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The impacts of active and self-supervised learning on efficient annotation of single-cell expression data – Nature Communications

Random forest models and prior marker knowledge are best suited for active learning

We first sought to replicate existing active learning findings17 under real world conditions. To accomplish this, we collated six single cell datasets comprising different modalities and existing ground truth labels: two scRNASeq datasets from breast35 and lung36 cancer cell lines where each cell line forms a “cell type” to predict, a pancreatic cancer single nucleus RNA Sequencing (snRNASeq) dataset in which cell types were assigned using a combination of clustering and copy number profiles37, a CyTOF dataset comprised of mouse bone marrow cells38 that was assigned using a gating strategy, a scRNASeq dataset from healthy donors of the liver atlas dataset39 and the vasculature tabula sapiens scRNASeq dataset40. This covers cell type labels previously designated as gold (cell lines) and silver (gating) standards as ground truth41. Each dataset was subsampled to several thousand cells (see methods) for computational efficiency given that over 200,000 unique experiments were run for this analysis (S. Table 1). The resulting datasets were composed of cell types with varying similarity (Supplementary Fig. 1) and cell type imbalance (Fig. 1A). To benchmark the active learning approach, we split each dataset into ten train/test splits. To mimic the number of cells an end user would manually annotate, we selected a total of 100, 250 and 500 cells from the training set. These subsets were then used to train six cell type assignment methods using ground truth cell type labels. We then evaluated the trained classifiers using the held out test set using five different accuracy metrics (methods) (Fig. 1B). Note however, that the main goal of this work is not to evaluate the accuracies of the classifiers, but rather to benchmark the improvement in classification performance gained by creating an informative training dataset.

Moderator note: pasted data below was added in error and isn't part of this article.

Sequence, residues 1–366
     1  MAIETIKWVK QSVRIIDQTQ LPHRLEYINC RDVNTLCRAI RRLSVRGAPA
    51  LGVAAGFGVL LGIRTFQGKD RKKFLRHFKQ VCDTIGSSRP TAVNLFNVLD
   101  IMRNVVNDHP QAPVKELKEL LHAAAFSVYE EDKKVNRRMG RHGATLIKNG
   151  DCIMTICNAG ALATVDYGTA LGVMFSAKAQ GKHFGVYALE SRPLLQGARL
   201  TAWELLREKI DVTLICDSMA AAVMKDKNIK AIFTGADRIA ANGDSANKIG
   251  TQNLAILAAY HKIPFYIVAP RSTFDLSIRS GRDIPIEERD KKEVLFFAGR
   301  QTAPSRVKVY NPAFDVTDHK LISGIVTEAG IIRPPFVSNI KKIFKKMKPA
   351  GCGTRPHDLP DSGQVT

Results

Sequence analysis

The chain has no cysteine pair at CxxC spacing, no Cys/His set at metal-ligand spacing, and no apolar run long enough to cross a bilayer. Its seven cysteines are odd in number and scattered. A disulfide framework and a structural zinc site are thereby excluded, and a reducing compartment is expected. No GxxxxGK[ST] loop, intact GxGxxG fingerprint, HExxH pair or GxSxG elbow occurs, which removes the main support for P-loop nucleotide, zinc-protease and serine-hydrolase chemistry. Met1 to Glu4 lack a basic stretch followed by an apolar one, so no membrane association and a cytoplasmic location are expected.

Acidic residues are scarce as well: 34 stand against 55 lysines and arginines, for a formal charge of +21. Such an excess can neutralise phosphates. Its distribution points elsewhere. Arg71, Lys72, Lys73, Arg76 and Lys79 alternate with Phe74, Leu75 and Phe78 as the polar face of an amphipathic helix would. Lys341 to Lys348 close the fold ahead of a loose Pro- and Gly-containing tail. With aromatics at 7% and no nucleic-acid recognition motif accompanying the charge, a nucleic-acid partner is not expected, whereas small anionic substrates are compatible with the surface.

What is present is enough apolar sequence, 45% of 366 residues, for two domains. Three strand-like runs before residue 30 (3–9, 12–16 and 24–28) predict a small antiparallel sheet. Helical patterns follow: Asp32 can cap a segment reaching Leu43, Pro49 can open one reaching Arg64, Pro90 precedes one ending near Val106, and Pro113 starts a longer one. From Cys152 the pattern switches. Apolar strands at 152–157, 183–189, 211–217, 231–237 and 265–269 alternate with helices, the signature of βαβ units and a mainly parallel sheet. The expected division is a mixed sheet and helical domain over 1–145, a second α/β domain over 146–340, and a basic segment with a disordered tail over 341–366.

Fig. 1: Benchmarking overview.
figure 1

A TSNE embedding of datasets used in this benchmarking colored by cell type (top) along with bar charts of cell type composition (bottom). B Schematic of the evaluation procedure: each dataset is split into 10 different train-test splits using a 50/50 split. Datasets of size 100, 250 and 500 cells are then sampled from the training dataset using active learning, adaptive reweighting and a random sampling (baseline). SingleR, scmap, CyTOF-LDA, a random forest model, singleCellNet, and a support vector machine is then trained using ground truth labels and evaluated by quantifying cell type prediction accuracy on the held-out test set. Source data are provided on zenodo: https://doi.org/10.5281/zenodo.10403475.

Fig. 2: Active learning is most effective with random forest classifiers and when selecting the initial set of cells by marker expression.
figure 2

A Performance comparison of classifiers trained using a random forest and logistic regression to provide predictive uncertainty estimates for active learning. The relative difference in F1 improvement score is calculated as the difference in F1-score between the random forest and logistic regression models and standardized by the logistic regression F1-score. This score is averaged across train-test splits and cell type prediction methods. The initial set of cells was selected randomly. B Proportion of all cell types represented in the ground truth dataset selected by the random and ranking selection procedures for each of the 10 train test splits. Boxplots depict the median as the center line, the boxes define interquartile range (IQR), the whiskers extend up to 1.5 times the IQR and all points depict outliers from this range. C Same as (A) with the improvement score as the difference between the performance when the initial cells are selected based on cell type marker information and random selection. This score is averaged across train-test splits, active learning algorithms, and cell type prediction methods. The cell number specifies the total size of the training set. Source data are provided on zenodo: https://doi.org/10.5281/zenodo.10403475.